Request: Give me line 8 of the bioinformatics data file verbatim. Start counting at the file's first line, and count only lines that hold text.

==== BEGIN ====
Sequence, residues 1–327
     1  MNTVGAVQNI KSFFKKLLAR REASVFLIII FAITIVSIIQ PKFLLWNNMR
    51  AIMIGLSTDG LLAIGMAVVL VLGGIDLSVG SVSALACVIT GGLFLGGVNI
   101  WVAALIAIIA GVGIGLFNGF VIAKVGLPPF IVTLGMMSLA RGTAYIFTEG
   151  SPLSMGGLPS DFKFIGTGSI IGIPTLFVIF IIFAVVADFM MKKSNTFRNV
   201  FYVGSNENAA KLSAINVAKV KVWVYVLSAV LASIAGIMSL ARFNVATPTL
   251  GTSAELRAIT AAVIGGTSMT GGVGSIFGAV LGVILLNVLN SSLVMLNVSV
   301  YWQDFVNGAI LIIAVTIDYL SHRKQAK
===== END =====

   301  YWQDFVNGAI LIIAVTIDYL SHRKQAK